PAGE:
Jasmine Catchings, a 19-year-old public relations major, takes it all in stride. “The power that Apple has over the public will ultimately triumph over their frustrations with the super company,” Catching says. “Folks say they don’t like it or trust it, but as soon as the newest phone is released they’ll be the first ones in line.” Despite the breach, Apple set records with the recent release of its iPhone 6.

But the questions remain: Are our smart devices really all that smart? And how can we protect ourselves, and our information in the new digital age?

Professor Erica Taylor gives some positive predictions on the matter. “I think that even though historically developers lag behind the hackers … there is plenty of opportunity to invent and utilize new things and figure out new ways to create at least basic safety online,” she says. “The expectation of privacy is going to continue to decline, but we should feel at least somewhat safe.”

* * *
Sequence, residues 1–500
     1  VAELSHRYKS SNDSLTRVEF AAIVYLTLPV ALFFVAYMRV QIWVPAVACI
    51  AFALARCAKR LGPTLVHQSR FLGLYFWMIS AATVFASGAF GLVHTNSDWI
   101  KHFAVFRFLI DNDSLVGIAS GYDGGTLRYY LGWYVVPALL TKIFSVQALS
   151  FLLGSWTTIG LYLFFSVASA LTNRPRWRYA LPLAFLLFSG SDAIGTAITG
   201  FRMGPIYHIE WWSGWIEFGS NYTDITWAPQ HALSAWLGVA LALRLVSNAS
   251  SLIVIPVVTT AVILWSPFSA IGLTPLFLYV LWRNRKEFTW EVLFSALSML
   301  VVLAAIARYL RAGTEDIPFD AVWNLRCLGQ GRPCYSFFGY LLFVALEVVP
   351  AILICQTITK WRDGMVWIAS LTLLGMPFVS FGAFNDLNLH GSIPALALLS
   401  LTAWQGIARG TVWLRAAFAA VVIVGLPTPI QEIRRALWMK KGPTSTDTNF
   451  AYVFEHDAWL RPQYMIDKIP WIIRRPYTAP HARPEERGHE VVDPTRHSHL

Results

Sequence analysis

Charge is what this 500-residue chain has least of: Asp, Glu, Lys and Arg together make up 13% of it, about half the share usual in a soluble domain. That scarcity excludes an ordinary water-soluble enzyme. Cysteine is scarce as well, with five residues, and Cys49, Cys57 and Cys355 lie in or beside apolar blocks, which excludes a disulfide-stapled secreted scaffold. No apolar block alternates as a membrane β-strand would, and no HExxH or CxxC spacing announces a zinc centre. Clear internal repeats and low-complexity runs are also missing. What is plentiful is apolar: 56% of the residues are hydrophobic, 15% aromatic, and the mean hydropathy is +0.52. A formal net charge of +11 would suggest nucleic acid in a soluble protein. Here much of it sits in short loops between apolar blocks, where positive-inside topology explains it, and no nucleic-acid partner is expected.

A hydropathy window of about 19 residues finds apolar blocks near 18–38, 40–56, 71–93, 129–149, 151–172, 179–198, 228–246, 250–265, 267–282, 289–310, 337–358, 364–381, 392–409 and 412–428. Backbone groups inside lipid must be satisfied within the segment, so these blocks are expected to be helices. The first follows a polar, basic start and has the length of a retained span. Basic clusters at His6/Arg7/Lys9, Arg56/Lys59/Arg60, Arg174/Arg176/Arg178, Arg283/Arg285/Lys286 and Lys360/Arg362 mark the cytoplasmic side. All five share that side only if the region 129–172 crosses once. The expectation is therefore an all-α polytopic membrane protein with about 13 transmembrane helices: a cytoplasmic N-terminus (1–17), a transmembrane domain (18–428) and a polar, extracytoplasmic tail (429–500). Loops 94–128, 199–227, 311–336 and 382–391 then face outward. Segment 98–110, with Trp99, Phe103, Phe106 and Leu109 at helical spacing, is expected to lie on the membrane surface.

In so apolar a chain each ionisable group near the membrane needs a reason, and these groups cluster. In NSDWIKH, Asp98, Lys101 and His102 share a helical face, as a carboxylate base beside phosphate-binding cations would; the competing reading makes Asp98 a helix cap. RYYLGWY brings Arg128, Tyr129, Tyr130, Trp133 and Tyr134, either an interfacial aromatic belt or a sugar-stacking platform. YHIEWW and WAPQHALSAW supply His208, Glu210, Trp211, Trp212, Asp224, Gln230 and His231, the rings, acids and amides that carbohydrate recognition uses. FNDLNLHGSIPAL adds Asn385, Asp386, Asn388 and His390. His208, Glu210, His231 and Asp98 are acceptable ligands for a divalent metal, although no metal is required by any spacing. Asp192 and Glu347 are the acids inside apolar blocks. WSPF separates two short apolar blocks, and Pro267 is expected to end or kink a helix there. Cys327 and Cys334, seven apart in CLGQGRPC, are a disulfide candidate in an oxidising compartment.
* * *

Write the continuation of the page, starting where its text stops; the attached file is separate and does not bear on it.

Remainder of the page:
Amylia Johnson writes about the Internet, social media, gaming and books for 

Creative Commons
Creative Commons Creative Commons


Here are a few words that are now household terms.

Jennifer Lawrence: shortly after the photos were leaked, gossip blogger Perez Hilton not only tweeted about it, but also linked to photos of the actress. Lawrence’s name predictably became a trending search term on Google.

Nudes: slang term used for photos featuring one or more persons in various stages of undress.

The Cloud/Cloud Computing:  “a type of Internet-based computing, where different services — such as servers, storage and applications — are delivered to an organization’s computers and devices through the Internet.”(

Dropbox:  “a cloud storage provider (sometimes referred to as an online backup service) that is frequently used as a file-sharing service.” (

Sexting:  “sending of sexually explicit photos, images, text messages or e-mails by using a cell phone or other mobile device.” (

Body rights: the ability to “make decisions about our own health, body, sexual life, and identity without fear of coercion or criminalization” (Amnesty International)